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Title:Evaluation of Factors Affecting Protein Quality as Well as Lysine and Sulfur Amino Acid Bioavailability of Commercial Enteral Products
Author(s):Lowry, Karen Ruth
Doctoral Committee Chair(s):Baker, David H.
Department / Program:Animal Science
Discipline:Animal Science
Degree Granting Institution:University of Illinois at Urbana-Champaign
Subject(s):Engineering, Agricultural
Abstract:Rat bioassays were conducted to evaluate protein quality as well as lysine (LYS) and sulfur amino acid (SAA) bioavailability in three commercial enteral products as affected by the severity of heat processing during sterilization, carbohydrate composition and storage of the products for 1 year. When evaluated fresh, the enteral products Osmolite HN and Ensure were lower in protein quality than casein, as determined by protein efficiency ratio (PER), regardless of heat treatment. With addition of the limiting amino acid, cystine, PER's of both Osmolite HN and Ensure were improved significantly (p $$ 0.05) on PER, even though all had darkened in color. Slope-ratio regression analysis (weight gain regressed on supplemental LYS intake) yielded LYS bioavailability estimates of 94.4% and 105.9%, respectively, for Osmolite HN and Ensure. The most severe heat treatment of Ensure decreased LYS bioavailability by 10% relative to the Ensure control. Partitioning weight gain into that resulting from LYS consumed in the basal diet and that resulting from the LYS supplement per se provided higher estimates of LYS bioavailability (i.e., 100% and 110% LYS bioavailability for Osmolite HN and Ensure, respectively). With storage, LYS bioavailability decreased by 10% in Osmolite HN and Ensure. LYS bioavailability of Ensure Plus was virtually 100% and was not affected by either carbohydrate composition or heat treatment. Storage of the Ensure Plus products for 1 year resulted in a 10% decrease in LYS bioavailability of those products containing greater concentrations of reducing sugars. SAA bioavailability of Ensure and Ensure Plus was 93.9% and 100.0%, respectively, relative to crystalline SAA. SAA bioavailability was not affected by heat treatment, carbohydrate composition or storage. Thus, although there was a 10% decrease in LYS bioavailability with storage of the enteral products evaluated, overall protein quality and SAA bioavailability (the protein quality-limiting factor) were not affected by storage, heat treatment or carbohydrate composition. Therefore, the decrease in LYS bioavailability is of minimal nutritional significance.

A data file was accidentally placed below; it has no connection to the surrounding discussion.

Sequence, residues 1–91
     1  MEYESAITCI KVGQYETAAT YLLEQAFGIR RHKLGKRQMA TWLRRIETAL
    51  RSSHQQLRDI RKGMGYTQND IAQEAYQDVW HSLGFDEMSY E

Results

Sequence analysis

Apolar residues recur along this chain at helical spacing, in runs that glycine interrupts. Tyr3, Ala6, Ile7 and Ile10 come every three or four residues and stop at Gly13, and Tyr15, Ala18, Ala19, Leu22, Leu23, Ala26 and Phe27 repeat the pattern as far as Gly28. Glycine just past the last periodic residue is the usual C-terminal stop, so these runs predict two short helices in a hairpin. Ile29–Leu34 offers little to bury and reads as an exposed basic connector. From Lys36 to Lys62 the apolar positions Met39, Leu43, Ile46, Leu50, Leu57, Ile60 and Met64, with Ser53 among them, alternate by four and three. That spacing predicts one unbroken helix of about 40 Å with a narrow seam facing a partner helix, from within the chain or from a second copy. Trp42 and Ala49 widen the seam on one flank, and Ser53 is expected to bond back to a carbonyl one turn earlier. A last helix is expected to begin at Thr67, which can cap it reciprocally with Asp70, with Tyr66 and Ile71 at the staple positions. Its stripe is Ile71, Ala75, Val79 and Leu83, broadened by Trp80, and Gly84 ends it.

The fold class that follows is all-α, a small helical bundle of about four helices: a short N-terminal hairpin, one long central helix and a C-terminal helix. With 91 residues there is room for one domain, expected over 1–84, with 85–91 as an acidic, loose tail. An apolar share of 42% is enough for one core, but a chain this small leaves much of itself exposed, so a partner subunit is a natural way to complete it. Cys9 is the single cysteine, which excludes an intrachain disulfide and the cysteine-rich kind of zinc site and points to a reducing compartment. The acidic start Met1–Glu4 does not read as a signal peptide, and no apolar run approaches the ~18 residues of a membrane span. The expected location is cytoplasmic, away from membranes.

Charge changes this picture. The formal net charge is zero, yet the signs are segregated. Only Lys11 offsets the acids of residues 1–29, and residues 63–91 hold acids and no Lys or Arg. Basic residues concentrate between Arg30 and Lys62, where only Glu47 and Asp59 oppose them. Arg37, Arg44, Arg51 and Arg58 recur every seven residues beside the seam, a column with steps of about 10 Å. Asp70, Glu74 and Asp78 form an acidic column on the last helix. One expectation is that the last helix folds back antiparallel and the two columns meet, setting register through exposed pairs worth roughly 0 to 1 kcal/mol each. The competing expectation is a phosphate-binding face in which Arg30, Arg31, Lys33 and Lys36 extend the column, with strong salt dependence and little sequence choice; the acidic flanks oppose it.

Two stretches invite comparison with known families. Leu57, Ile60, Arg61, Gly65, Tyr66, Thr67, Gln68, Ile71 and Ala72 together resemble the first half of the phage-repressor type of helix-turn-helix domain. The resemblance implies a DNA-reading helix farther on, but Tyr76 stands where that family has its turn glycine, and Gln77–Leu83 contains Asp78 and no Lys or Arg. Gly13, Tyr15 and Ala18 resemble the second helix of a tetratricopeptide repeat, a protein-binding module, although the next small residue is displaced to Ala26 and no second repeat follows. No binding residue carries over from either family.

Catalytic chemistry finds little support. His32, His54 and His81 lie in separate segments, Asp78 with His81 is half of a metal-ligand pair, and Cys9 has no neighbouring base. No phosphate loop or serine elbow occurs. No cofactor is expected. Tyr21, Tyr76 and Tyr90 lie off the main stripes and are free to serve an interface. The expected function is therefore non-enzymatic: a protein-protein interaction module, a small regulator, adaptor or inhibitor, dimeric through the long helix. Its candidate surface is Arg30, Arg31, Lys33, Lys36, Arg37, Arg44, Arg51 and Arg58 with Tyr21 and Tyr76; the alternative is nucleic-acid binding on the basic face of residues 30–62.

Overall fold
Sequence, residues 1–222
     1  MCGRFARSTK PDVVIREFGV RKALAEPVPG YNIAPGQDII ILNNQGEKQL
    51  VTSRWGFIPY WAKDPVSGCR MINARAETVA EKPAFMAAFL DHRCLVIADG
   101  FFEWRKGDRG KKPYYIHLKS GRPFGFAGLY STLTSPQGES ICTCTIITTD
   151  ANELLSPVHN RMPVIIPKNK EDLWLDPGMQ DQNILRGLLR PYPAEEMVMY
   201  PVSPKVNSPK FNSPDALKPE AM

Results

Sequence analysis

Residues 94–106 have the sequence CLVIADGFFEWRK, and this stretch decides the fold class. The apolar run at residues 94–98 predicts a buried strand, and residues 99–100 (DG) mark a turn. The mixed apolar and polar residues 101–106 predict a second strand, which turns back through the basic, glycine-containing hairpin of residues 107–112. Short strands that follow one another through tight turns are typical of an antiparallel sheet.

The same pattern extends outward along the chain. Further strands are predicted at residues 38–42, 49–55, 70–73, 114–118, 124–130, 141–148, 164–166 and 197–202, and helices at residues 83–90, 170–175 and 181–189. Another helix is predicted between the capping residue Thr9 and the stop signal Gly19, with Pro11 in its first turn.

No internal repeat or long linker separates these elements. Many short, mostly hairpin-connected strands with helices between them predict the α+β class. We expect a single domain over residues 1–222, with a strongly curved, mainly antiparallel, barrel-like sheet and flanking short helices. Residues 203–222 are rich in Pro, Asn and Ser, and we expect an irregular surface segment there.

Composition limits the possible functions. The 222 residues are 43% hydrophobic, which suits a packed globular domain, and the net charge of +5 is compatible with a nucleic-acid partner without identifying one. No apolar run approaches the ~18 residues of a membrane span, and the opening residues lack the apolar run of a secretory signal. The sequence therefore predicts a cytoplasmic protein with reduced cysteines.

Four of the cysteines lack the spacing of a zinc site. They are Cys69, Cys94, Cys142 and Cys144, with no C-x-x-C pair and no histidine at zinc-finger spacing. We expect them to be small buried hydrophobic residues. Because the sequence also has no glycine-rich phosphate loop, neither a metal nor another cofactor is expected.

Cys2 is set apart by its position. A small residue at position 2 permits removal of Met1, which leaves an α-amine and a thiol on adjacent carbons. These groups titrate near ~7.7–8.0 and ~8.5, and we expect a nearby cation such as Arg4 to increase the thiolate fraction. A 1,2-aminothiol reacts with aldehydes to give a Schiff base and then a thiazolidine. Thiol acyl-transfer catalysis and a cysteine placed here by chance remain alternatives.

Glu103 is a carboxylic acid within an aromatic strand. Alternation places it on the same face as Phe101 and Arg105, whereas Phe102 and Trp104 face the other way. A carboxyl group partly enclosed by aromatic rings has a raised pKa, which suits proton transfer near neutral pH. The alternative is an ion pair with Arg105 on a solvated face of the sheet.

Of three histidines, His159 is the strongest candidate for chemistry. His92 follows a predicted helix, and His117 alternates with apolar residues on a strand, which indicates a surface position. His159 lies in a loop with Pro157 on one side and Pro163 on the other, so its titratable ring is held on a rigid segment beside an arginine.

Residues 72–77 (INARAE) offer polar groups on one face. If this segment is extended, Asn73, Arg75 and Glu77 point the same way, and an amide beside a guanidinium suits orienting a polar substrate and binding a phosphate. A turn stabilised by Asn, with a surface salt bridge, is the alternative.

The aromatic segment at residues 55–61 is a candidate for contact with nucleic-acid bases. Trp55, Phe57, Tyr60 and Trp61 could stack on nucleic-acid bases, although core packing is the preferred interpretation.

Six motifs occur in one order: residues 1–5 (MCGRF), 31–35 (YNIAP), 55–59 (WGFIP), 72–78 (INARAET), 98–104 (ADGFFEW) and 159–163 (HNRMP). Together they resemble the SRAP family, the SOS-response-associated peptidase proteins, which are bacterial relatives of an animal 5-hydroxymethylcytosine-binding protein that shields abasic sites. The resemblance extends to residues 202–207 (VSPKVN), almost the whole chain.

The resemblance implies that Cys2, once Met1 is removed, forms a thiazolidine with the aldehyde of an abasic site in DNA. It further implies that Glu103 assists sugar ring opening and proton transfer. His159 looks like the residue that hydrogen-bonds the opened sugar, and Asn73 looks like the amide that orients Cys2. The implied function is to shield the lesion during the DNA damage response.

Issue Date:1988
Description:114 p.
Thesis (Ph.D.)--University of Illinois at Urbana-Champaign, 1988.
Other Identifier(s):(UMI)AAI8908757
Date Available in IDEALS:2014-12-15
Date Deposited:1988

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